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I have a script I made to create a backup. I need to make sure the backup is ready before it runs the /home/ftp.sh command. How can I do so? I use CentOS 5.6

#!/bin/bash
tar -Pcf /home/temp_backup.tar /home/myfiles/
wait %%
/home/ftp.sh
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Currently you don't have any programs backgrounded, so your invocation of wait makes no sense. How are you defining "backup is ready"? It looks fine to me in its current state (although the spurious wait is unnecessary). –  Chris Down Dec 10 '11 at 0:06
    
I mean wait untill tar -Pcf /home/temp_backup.tar /home/myfiles/ finish because its huge folder might take up to minute and only when its finished run /home/ftp.sh –  Hujeplet Dec 10 '11 at 1:12
2  
we understand what you mean, @Hujeplet, but what @chris-down was saying is that your tar command is not being backgrounded, so the script has no choice but to wait for it to finish before executing the /home/ftp.sh script. –  Tim Kennedy Dec 10 '11 at 1:19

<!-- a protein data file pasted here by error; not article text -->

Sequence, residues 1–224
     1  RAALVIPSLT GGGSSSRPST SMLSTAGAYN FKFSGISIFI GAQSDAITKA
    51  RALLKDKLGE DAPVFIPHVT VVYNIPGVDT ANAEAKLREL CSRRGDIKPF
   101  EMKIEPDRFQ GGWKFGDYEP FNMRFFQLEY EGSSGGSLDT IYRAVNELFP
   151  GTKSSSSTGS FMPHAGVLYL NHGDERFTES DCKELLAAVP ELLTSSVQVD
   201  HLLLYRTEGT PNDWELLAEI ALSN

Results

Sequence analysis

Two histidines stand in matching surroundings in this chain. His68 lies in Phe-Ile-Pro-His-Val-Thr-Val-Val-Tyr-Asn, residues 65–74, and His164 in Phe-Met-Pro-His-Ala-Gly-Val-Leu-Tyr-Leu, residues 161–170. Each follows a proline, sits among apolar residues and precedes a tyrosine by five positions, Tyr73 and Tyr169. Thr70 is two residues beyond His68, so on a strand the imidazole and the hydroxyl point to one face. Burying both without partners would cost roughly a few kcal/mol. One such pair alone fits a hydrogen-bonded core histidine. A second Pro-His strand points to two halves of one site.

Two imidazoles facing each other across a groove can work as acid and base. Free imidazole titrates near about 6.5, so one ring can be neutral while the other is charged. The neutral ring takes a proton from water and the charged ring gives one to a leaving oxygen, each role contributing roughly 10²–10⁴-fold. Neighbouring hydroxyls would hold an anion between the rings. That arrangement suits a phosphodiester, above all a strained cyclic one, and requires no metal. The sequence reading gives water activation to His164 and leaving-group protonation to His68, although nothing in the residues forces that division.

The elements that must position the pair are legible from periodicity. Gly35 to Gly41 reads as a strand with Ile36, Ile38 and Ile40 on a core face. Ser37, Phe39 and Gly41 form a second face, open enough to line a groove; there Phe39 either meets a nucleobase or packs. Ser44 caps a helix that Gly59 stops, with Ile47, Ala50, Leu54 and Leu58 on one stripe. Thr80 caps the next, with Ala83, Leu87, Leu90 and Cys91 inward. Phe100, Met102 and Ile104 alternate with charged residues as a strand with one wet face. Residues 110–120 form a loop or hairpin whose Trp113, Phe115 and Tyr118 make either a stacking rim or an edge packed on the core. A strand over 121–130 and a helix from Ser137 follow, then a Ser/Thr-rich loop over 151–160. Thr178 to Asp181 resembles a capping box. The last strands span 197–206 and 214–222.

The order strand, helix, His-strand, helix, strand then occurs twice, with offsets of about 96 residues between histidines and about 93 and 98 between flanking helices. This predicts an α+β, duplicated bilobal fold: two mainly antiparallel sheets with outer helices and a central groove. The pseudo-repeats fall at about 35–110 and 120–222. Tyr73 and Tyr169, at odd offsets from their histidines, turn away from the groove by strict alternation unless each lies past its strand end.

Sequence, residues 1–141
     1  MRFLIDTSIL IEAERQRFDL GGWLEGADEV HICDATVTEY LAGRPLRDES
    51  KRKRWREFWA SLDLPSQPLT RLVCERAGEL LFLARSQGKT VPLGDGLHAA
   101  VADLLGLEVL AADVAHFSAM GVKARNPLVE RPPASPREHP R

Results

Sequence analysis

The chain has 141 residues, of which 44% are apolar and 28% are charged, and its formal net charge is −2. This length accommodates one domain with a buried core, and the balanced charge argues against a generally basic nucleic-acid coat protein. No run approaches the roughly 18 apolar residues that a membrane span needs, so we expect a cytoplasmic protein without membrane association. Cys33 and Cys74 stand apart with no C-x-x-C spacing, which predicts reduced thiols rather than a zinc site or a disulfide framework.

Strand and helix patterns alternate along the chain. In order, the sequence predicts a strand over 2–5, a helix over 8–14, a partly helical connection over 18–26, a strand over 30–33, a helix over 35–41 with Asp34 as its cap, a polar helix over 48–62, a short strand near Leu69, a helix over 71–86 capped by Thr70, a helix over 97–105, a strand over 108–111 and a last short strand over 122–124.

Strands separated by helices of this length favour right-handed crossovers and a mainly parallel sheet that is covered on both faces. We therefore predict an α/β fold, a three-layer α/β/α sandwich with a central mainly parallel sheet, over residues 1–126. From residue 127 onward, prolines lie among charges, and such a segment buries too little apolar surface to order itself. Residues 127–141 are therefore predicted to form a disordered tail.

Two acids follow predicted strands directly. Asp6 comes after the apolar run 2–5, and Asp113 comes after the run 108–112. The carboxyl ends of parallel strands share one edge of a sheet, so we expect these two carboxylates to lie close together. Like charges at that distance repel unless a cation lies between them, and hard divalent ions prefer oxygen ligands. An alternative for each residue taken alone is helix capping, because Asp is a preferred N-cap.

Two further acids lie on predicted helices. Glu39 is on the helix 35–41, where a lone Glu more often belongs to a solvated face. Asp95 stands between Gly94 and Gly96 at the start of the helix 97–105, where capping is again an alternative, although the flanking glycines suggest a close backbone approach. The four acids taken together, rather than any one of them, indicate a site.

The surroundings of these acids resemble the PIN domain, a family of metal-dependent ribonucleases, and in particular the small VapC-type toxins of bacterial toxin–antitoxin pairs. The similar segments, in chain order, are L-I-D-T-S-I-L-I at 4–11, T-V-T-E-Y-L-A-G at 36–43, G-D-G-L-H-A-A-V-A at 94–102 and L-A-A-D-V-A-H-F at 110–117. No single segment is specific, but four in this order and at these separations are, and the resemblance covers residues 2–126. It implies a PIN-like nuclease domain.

3  
@Hujeplet - But it already does that... –  Chris Down Dec 10 '11 at 1:20
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2 Answers

You're already doing it.

Waiting for a command to finish is the shell's normal behavior. (Try typing sleep 5 at a shell prompt.) The only time that doesn't happen is when you append & to the command, or when the command itself does something to effectively background itself (the latter is a bit of an oversimplification).

You can delete the wait %% command from your script; it probably just produces an error message like wait: %%: no such job. (Question: does it actually print such a message?)

Do you have any evidence that the tar command isn't completing before the /home/ftp.sh command starts?

Incidentally, it's a bit odd to have things other than users' home directories directly under /home.

(I know most of this was already covered in comments, but I thought there should be an actual answer.)

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You can use:

wait $!

Delete the wait %% from your script.

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As explained in Keith's answer, any wait command is completely unnecessary. –  Kazark Mar 29 '13 at 18:37
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